Assessing the Season: Texas Tech Red Raiders

Posted by Nate Kotisso on April 12th, 2013

As the season winds down and Big 12 teams continue to find themselves eliminated from the post-season, we’re taking a look back on a team-by-team basis at the 2012-13 season. Next up: the Texas Tech Red Raiders.

Final Record: 11-20 (3-15)

The Expectations: Normally, the only time a college basketball team makes news in August is if it secures a top commitment from a recruit. What was being reported by CBS Sports last summer was far from normal. Head coach Billy Gillispie was in a heap of trouble, violating NCAA rules by exceeding the allowable amount of practice time (four hours/day; 20 hours/week) to as many as eight hours in a day. One player, later identified as Kader Tapsoba, was so worn down by the practices that he developed multiple stress fractures. And yet Gillispie still made him practice. It wasn’t just excessive practice that led to Gillispie’s downfall, though. He promised ex-Indiana player Tom Coverdale a job as an assistant but later changed his mind. Secretaries, trainers, graduate assistants and others also left in the early stages of Gillispie’s tenure. It was already well-documented that Texas Tech was going to have a vastly different roster compared to the year before with 15 players transferring out of Lubbock in the 18 months that he had been head coach there. Associate head coach Chris Walker was later tabbed as the interim coach for the 2012-13 season, but Texas Tech basketball was starting over. The only thing you could expect from this team was to play hard, game in and game out.

Interim head coach Chris Walker was left to pick up the pieces in Lubbock. (

Interim head coach Chris Walker was left to pick up the pieces in Lubbock (

The Actual Result: The Red Raiders pressed their way to a 4-0 start to the season, albeit against inferior opponents Prairie View A&M, Nebraska-Omaha, Jackson State and Grambling State. Then came some tougher opponents in Arizona, Alabama and Arizona State, all of which soundly beat Tech in Lubbock. (Aside: everyone is no doubt jealous at how Tech was able to get all of their non-conference games at home.) Conference play began and that went just as well as you would have expected. The Red Raiders lost 15 games in the Big 12 including nine in a row at one stretch. Their best home win came against Iowa State in which both teams combined to score 107 points. Jordan Tolbert, perhaps the best player on last year’s team, told he’d transfer if Gillispie wasn’t fired. Tolbert returned but the 11.5 PPG scorer from last season struggled to find his offensive game, probably because Tolbert’s father and biggest motivator, James Tolbert, passed away in October. That and the fact that the freshman starting point guard, Josh Gray, was going through a baptism-by-fire against the likes of Marcus Smart, Pierre Jackson and Angel Rodriguez. It shouldn’t go unmentioned that Jaye Crockett had been a former starter for the Red Raiders and still made an impact. Chris Walker made the decision to bring him off the bench this season, and Crockett quickly became one of the better sixth men in America (11.9 PPG, 6.5 RPG).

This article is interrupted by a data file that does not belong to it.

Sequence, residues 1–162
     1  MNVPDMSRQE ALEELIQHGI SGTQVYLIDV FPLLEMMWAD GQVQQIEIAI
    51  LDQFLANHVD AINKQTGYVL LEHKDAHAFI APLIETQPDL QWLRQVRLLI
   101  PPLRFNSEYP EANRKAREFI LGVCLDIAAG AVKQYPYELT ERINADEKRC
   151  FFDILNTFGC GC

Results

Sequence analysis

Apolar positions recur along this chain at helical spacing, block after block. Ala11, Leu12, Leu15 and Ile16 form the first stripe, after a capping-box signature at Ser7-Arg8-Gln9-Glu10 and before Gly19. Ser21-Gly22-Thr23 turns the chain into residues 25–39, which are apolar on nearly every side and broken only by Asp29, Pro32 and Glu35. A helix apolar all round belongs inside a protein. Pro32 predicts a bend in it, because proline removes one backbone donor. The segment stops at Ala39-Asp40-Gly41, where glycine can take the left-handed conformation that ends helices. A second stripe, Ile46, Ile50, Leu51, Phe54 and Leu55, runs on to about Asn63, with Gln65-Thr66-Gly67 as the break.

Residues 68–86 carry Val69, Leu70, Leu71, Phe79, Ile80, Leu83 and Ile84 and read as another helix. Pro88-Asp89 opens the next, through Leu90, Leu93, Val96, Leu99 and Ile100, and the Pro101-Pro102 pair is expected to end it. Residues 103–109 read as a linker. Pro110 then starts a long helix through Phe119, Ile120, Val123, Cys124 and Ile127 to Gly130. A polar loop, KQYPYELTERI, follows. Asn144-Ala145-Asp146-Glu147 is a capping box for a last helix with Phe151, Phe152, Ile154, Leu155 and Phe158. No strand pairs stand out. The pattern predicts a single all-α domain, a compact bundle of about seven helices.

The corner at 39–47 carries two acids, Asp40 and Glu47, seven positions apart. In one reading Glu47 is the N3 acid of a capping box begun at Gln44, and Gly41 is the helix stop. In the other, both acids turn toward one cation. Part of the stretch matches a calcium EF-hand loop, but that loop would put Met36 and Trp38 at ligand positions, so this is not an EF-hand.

Highlight of the Year: January 23. This was easily the Red Raiders’ best day of the season. They defeated Iowa State 56-51 in a truly ugly basketball game. Two things the Cyclones typically do exceptionally well — rebound and make outside shots — were not on display that night. ISU missed 17 of 23 three-point attempts and the Red Raiders outrebounded them 34-28 for the game. Josh Gray also showed signs of leadership by hitting several big shots in the second half when Tech made its comeback. A signature win if there ever was one with this team.

Player of the Year: Josh Gray. Being a point guard, much of a team’s success falls on you. Granted this team didn’t win a whole lot this season but how much of a difference would it be if Marcus Smart had run the point on a team like this? Not much. Gray didn’t lead the team in scoring (9.3 PPG) but he showed enough flashes of what is to come from this season alone. He’s not afraid to look for his own shot. Gray had just eight games this season in which he did not attempt a free throw. For perspective, Texas guard Sheldon McClellan, who is clearly a more prolific scorer than Gray, had seven games this year without a free three attempt, and he played in three more games than Gray. His assist-to-turnover was basically 1:1 the entire year which is forgivable for a freshman starter getting acclimated to college basketball. Once more talent rolls into Lubbock, he can become one of the premier passers in the Big 12.

Surprise of the Year: Dusty Hannahs. His scouting report may tell you that this guy is just a three-point shooter but Hannahs is much more than that. Sure he’s an outstanding perimeter shooter but he also puts his 6’4″, 210-pound frame to good use by creating his own shot inside the arc. Walker brought Hannahs along slowly at the start of the season but eventually made him a part of his rotation starting with the Arizona State game. The next game against NCAA Tournament-bound North Carolina A&T, Hannahs scored 21 points on 7-of-12 shooting from the field, four of those seven makes coming from behind the arc. Like others on the team, Hannahs is showing signs of what he can be in the future. He and Josh Gray will be fun to watch next season.

Overall Grade: B-Minus. Tech was arguably the toughest job in college basketball this season and Chris Walker handled it the best way he knew how. It was unfortunate that Walker didn’t get the full-time gig but the hiring of Tubby Smith, another well-respected man in the coaching profession, is basically getting a similar version of Walker with the exception of Smith’s past coaching successes. Texas Tech hoops should be on the way up.

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